Peter Cooley

Peter Cooley creative writing at Tulane University and have published seven books of poetry, the latest of which is A Place Made Of Starlight. He is currently finishing a new book, Museums Of The Moment. His poems have appeared in over five hundred magazines and ninety-some anthologies. Lowland Review Press published his chapbook The Solitudes this year.
Happy Poem

A poem is just a tiny worry room.
Worry with me awhile and we’ll be free.
This hand extended to you as I speak
like Keats famous one, writing in water--
I worried on this hand, my hand said yes,
I’ll take your pain and it began to ache.
Yesterday it throbbed, pulsing, red, self-willed.
it could have been, if I had need of two,
another penis, but who needs more than one,
especially if the second is all fear?

I took that worry, sent it to a cloud
always above me mornings as I walk,
cloud I have carried darkling since a child,
cloud I’ve now found dissolving all my pain
into the blue interstices of heaven.
Sky, are you listening, I am here again?
How beautiful to watch your blues reform,
my little anguishes become your face,
radiance every minute always changing.

Every Line A Kind Of Prayer

My clouds continue, mid-summer, their meanderings
over the Florida gulf. And the waves, too,
go on threshing purple, black, the multifoliate greens,
the multitudinous blues, the sometimes reds,
and sometimes flecks of gold, orange and silver.
Tomorrow they will repeat this as today
repeats yesterday and yesterday its yesterday.
Meanwhile, writing here, I am waiting for my parents’ doctor
to return my call.  He is very, very busy in the suburbs of  Detroit.
Last night, phoning my mother, my father and this doctor,
every second I heard them shrinking while we spoke.
The doctor must be asked (let me stop here to pray:
Lord, help me overcome my fear)
for a truth. What will I do, reader?
Whatever he tells me, if anything. That will demand more prayer.

Tonight I know I will march beside the gulf,
resolving its steady rhythm in my step.
Whoever you are, if you have read this far
stay with me, repeat my words from this line on.
Now, raise your eyes from the page, don’t blink.
Look, these are the clouds I pray to for some direction
only they may know, having seen so many of us,
high tide, low tide, going and coming.

Love Song

My sister bought her love at L.L. Bean,
Neiman Marcus, Saks Fifth Avenue.
American women, you know what I mean.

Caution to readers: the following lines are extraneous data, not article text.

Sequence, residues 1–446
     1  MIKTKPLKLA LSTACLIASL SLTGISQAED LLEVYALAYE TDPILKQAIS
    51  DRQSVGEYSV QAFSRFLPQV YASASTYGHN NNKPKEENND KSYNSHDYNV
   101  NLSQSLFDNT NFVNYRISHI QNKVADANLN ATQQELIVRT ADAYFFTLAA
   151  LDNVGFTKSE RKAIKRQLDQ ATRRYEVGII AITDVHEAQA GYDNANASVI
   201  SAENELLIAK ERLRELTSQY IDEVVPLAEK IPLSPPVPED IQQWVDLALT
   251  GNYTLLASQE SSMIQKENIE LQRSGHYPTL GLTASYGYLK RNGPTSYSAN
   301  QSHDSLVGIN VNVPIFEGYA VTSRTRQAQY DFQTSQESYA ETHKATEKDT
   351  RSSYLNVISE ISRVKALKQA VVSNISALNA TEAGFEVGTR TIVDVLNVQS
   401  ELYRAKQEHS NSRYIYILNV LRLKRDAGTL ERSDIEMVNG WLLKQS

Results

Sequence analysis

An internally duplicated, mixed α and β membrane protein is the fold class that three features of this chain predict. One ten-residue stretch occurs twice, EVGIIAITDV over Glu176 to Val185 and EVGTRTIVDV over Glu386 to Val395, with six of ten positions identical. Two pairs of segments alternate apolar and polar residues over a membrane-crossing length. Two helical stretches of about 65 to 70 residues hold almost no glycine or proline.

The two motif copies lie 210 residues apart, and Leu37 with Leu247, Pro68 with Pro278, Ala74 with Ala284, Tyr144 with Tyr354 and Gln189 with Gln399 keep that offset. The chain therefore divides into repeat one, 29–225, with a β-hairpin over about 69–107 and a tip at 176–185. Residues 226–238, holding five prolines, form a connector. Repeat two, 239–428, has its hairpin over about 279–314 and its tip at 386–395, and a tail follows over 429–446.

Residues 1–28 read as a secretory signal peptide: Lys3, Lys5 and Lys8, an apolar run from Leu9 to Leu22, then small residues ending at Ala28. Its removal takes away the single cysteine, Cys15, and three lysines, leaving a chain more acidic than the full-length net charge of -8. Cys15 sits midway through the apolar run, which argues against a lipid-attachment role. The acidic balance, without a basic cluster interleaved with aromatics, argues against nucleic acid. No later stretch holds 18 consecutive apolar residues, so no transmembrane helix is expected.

Cashmere gloves, scarves for the skiing scene
she watched from her TV: a superior view.
My sister bought her love at L.L. Bean.

She never could buy husbands to keep her clean
from addictions to craving the costly and the new.
American women, you know what I mean.

She clung to Mother’s bank account; she couldn’t wean
herself from sucking; her drying out times were few.
My sister bought her love from L.L. Bean.

She gorged on Dad’s reserves; she threw them up, still lean
so she could gobble more; she consumed my trust fund, too.
American women, you know what I mean.

She couldn’t buy me, sell me, shake me out, wash me clean.
She failed and failed to kill me; she fucked that up anew.
My sister bought her love at L.L. Bean.
American Woman, you know what I mean.

Phoning My Sister At The Nursing Home

“Welcome to Diane’s Consolidated Miseries.
Diane is unavailable to take your call
but if you would like to leave a message just recall
the pitch and timbre and volume of her hostility.
Your call is important to us. If you want a tirade
against her father and mother, ninety-one and ninety-three,
press one; against her brother and his family,
press two; against the ‘entire goddamn world,’
press three; against the men who left her,
press four; against her body she’s shrunk to eighty-six
pounds, press five. The other five numbers
are screams, execrations, a witch’s Sabbath hex
against you. Remember, phoning her, you asked for it.    
The machine took down your number. She’ll call you back.”

Aubade With Dachshund

Obesity is its own kind of dying.
Years later, I can look back to see the dog,
myself, caught up in the same gorging,
both of us force-fed by my parents to be quieted.

I had the secret of my sister’s visits to my bed.
No, it was only choking, never sexual violation
exactly, just my throat, not my privates.
But the throat is private, isn’t it? Or is it?
Let me tell you about the dog, then you’ll know me.
Of course, the throat is the locus of food and utterance.
I say that old-fashioned word because it hurts.
You must use the whole mouth to get the round sound out.
The dog was round, no, he was oblong, a hot dog
but thinner than I was, fat boy in class,
laughed at in baseball, football, basketball and track,